These selloffs are extremely painful and absolutely devastating for current investors, but the corporate green shoots that are left behind will one day grow into large thriving companies.

Though this selloff certainly looks and feels like a four-alarm fire, sector valuations are finally reaching a palatable level.

If the market turns and investor sentiment recovers, these companies that screen cheap will raise the cash they need to stay in business and investors will be well rewarded.

I couldn’t have said it better myself.

And this is why it’s time to take some of the best advice ever given to us by the Oracle of Omaha, Warren Buffett:

Be fearful when others are greedy, and greedy when others are fearful.

Most investors are scared sh*tless of pot stocks right now. So clearly, it’s time to get greedy again.

Cheap Pot Stocks — Going Fast!

While I’m a big fan of Uncle Warren’s wise words, you can’t go into this just buying a bunch of random pot stocks.

Instead, what you have to do is recognize two things:

  1. Why the cannabis market is still a good place to make a buck
  2. Which pot stocks are best positioned to make you a lot of money in 2020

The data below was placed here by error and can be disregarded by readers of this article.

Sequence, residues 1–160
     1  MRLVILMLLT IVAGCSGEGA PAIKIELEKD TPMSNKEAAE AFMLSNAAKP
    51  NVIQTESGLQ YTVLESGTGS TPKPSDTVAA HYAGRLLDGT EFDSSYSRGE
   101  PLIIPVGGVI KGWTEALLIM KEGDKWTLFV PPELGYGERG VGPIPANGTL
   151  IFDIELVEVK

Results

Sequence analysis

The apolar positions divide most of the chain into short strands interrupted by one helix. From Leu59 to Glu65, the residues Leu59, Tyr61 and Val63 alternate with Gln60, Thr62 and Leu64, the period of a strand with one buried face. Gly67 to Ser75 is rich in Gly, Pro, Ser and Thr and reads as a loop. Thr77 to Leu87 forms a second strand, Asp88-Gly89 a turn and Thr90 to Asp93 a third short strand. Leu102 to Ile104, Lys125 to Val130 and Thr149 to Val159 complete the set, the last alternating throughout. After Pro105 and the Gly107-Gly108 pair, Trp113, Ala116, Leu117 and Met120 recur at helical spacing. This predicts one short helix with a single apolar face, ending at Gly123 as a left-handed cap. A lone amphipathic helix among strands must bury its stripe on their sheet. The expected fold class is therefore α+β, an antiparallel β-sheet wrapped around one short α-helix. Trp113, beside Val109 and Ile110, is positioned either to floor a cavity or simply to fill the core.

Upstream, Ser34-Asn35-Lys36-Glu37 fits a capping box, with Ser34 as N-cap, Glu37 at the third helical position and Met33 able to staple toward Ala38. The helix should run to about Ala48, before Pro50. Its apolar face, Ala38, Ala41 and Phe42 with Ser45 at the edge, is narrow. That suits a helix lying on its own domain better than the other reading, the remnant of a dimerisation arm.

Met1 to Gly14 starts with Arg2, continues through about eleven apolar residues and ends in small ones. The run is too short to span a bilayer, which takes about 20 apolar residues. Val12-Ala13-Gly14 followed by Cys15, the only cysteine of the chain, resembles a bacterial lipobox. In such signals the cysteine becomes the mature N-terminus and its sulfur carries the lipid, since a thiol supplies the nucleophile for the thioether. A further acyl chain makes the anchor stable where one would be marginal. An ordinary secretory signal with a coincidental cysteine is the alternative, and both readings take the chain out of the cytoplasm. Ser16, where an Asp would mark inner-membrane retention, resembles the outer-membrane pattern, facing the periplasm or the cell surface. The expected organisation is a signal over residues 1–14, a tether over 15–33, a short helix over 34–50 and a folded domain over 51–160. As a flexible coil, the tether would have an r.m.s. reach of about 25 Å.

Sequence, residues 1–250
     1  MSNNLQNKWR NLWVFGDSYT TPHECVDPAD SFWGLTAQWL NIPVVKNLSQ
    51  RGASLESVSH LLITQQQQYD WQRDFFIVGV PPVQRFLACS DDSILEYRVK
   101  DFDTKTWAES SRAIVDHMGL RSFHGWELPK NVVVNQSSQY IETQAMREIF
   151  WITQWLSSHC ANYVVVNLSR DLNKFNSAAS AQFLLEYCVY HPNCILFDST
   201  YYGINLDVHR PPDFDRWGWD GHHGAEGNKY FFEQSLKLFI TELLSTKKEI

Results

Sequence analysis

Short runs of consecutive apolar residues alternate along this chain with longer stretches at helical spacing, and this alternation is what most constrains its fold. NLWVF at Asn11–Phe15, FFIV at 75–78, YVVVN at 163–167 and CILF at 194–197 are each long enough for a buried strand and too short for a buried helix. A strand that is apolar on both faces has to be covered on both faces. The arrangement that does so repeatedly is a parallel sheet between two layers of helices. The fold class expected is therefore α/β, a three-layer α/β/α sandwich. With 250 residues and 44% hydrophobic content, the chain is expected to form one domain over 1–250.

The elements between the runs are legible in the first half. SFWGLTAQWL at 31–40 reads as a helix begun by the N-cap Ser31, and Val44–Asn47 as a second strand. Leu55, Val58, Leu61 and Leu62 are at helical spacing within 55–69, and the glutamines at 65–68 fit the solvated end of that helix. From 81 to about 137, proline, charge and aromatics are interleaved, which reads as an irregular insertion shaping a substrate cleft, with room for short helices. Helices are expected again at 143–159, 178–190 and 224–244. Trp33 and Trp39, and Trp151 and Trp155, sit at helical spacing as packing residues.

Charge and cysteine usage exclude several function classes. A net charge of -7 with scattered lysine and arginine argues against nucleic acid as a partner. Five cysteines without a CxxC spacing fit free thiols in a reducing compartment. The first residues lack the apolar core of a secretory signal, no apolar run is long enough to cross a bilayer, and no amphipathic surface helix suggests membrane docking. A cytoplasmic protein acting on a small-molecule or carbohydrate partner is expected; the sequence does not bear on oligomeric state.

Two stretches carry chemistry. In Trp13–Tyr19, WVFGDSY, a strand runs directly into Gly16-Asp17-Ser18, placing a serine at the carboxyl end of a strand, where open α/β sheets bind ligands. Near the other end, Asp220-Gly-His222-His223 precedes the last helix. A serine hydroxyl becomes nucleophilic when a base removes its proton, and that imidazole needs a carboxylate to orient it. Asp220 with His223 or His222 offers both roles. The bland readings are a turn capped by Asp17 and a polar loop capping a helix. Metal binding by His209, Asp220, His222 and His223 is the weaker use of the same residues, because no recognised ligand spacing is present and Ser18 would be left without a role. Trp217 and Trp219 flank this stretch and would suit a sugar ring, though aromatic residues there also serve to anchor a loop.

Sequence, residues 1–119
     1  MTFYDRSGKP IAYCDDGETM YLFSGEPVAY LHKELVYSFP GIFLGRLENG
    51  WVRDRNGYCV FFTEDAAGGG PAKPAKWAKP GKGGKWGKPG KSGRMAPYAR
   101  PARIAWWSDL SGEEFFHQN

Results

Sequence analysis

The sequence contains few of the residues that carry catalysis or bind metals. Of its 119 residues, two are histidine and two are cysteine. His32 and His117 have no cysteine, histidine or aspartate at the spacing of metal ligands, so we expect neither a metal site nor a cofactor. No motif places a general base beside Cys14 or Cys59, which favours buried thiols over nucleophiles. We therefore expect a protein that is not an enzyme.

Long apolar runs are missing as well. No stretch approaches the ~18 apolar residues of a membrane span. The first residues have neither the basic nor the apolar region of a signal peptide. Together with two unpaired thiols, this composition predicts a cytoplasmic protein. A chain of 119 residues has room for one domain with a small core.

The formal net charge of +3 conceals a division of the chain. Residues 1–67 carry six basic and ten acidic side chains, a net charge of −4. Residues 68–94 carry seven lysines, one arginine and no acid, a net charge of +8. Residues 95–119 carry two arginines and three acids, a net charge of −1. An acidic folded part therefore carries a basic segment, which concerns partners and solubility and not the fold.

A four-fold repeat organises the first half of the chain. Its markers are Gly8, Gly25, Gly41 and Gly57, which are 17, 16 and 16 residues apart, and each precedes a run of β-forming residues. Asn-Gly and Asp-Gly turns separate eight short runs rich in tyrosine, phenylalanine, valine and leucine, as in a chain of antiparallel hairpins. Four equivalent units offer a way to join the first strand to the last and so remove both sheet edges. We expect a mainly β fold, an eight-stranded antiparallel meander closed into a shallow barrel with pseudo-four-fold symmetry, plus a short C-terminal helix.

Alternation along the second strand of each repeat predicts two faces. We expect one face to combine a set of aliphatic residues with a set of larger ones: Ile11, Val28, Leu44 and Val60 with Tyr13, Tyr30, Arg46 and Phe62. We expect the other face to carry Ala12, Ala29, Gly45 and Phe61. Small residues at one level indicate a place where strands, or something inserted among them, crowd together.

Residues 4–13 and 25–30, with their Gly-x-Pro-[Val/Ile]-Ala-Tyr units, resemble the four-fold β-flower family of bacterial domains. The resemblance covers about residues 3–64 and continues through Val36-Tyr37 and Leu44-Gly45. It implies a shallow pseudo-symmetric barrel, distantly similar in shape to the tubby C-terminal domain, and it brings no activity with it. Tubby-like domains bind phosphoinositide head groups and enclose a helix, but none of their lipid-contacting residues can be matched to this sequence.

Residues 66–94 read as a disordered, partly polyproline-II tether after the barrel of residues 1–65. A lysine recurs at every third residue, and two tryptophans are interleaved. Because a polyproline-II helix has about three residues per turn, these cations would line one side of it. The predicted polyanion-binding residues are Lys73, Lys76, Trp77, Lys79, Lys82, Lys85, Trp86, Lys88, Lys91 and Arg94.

Regarding the general overview of the cannabis market, it remains incredibly lucrative.

The bottom line is that the industry continues to grow and evolve at an incredibly rapid pace.

Today, 42 states in the U.S., plus the District of Columbia, have some kind of legalization in place, and there will be more after next year’s election.

Then there’s also the move to allow U.S. banks to get in on this action.

As I wrote a few weeks ago, the big banks are getting positioned to plow a massive amount of capital into the cannabis space after the eventual passage of the SAFE Banking Act, which will essentially allow the banks to take part in this industry, allowing it to move from a very inefficient “cash-only” system to one that is no different than any other industry that has access to banking services.

This is a huge deal, and it already passed the House. The Senate is next, and Trump has signaled that he will sign it.